There’s a reason that so many people are dragging their feet in the sand and avoiding it like the plague. There are obvious benefits, but getting there is and can be a real pain without the correct buy-in, the right expertise, without the right team. I would say that it’s going to take awhile really, for most people to see their ROI. But investing in the cloud is like investing in a home.
The mortgage sucks, but eventually, it’s going to be worth it. And you sort of need to trust the process and the experts because modernizing your infrastructure is going to be something that you will thank yourself for later in five years. Or the next team at least will thank you for, because these issues that people find with their legacy systems really don’t go away.
When it comes to an ROI, I would say, once you get fully migrated you should start seeing a difference in the efficiency of your workloads and the efficiency of how it is deploying things, but also the financial impact. Once your migration is over and you have paid all of those overhead and hosting costs, which is kind of the root of the issue and why most people migrate in the first place, those should be a lot lower once you are in the public cloud. It’s just getting there that’s the hard part.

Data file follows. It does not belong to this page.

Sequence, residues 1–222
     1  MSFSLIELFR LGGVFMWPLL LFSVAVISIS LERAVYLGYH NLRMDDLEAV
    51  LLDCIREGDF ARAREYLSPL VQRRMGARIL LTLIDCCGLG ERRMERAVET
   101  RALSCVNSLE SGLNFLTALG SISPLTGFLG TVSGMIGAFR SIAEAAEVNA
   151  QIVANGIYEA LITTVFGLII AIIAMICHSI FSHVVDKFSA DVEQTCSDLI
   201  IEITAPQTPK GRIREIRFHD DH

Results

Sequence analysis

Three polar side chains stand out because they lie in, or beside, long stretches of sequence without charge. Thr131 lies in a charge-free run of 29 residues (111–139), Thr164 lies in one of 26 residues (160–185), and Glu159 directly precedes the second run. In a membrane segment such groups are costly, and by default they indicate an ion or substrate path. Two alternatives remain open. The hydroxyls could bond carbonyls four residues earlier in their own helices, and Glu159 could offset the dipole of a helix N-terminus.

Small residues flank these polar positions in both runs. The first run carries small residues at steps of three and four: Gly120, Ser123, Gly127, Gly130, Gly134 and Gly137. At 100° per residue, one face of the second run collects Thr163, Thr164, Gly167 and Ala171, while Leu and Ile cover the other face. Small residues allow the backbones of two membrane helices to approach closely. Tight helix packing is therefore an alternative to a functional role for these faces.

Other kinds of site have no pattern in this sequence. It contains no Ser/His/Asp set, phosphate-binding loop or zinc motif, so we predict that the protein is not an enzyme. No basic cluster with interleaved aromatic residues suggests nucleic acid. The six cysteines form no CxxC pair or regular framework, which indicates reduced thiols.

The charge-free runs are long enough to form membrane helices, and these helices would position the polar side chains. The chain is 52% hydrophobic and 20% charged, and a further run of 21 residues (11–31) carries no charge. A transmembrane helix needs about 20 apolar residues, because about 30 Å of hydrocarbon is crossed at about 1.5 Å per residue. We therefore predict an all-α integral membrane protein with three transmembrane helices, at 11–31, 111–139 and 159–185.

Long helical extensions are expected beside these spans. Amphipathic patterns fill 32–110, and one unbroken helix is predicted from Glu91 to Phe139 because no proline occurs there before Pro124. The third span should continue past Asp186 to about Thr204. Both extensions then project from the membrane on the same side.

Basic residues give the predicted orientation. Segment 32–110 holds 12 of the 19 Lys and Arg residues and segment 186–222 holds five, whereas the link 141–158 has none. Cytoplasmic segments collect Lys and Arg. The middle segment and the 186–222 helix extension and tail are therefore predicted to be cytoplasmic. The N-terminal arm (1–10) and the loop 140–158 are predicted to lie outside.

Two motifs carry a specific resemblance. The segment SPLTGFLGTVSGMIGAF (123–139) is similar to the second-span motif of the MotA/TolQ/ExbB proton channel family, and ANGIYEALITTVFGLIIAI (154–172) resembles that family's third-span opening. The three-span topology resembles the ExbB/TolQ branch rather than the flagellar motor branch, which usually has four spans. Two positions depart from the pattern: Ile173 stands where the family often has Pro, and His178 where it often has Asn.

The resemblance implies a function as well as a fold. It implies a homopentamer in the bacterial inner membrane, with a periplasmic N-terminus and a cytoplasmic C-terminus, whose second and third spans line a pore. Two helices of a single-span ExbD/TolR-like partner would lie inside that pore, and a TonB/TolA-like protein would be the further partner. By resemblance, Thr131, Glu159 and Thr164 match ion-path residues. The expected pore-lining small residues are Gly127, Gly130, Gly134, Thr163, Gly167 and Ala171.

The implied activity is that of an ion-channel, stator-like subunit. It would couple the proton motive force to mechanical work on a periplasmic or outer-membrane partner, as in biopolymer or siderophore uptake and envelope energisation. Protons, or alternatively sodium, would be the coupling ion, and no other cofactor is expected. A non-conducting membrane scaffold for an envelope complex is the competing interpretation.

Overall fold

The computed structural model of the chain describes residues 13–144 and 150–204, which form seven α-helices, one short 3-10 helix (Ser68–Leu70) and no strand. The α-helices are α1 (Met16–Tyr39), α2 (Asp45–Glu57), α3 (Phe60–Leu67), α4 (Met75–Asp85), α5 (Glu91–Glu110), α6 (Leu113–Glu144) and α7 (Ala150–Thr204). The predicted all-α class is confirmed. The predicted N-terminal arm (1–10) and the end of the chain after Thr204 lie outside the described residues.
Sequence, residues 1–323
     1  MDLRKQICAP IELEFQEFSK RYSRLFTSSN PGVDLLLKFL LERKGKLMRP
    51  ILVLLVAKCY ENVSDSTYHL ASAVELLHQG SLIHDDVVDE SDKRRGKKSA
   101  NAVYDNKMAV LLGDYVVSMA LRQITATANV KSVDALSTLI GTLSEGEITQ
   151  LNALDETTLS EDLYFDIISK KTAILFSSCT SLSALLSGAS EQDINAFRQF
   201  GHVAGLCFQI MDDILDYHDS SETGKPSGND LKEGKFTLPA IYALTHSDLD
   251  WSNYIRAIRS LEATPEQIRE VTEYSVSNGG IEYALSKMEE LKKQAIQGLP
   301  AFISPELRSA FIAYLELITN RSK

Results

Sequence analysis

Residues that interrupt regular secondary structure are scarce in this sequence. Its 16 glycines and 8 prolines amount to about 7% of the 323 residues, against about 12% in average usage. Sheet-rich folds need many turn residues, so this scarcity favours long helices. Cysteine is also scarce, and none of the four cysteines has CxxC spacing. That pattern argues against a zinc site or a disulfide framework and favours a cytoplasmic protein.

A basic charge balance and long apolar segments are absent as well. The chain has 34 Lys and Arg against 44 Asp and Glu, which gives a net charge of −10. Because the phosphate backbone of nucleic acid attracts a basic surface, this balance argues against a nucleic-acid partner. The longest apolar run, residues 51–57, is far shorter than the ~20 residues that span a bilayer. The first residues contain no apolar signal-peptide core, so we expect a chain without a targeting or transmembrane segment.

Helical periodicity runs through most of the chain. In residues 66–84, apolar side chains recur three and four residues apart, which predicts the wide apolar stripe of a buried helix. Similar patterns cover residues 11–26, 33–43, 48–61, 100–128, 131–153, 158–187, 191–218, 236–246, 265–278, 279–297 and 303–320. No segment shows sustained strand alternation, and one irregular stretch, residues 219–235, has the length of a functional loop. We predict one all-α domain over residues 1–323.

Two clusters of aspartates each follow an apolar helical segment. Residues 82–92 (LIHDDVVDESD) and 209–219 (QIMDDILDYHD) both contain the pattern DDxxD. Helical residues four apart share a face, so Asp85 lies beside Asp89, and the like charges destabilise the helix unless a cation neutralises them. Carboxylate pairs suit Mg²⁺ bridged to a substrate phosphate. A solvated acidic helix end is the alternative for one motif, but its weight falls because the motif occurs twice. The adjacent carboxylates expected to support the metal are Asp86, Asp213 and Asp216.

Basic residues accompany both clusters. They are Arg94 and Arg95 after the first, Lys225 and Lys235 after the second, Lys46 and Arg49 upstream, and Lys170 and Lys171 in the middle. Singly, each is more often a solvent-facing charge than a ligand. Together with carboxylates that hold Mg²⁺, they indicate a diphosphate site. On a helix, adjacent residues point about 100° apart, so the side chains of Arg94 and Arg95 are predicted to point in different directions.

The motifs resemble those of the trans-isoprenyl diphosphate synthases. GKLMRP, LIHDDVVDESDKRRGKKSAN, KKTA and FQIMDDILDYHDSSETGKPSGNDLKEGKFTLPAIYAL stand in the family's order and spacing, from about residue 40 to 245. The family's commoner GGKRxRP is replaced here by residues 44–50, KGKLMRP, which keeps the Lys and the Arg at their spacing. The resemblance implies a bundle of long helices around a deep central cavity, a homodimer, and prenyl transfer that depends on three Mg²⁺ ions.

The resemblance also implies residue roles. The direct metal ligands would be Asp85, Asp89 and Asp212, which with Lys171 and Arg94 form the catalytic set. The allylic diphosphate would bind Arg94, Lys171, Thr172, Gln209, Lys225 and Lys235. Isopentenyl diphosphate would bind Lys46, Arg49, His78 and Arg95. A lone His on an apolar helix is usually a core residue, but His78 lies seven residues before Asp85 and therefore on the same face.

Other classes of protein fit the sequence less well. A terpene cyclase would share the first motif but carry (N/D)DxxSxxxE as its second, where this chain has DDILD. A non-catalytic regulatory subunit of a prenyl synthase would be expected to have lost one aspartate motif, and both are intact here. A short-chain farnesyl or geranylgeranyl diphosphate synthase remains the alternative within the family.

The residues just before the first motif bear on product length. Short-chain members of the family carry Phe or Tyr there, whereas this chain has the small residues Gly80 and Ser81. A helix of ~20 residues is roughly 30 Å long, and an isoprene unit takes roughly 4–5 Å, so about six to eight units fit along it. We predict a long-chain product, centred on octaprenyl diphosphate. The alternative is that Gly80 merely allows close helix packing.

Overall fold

Anna Barnett: One thing that comes up when organizations are planning for migration is when will we see our return on investment. As with any big technology project you’re going to spend some upfront. Our data shows that IT spend increases as organizations start moving workloads and as they’re sitting in that hybrid cloud environment, when they’re still managing some on-premise and some in the cloud, but it goes down drastically as time goes on and as more workloads are migrated.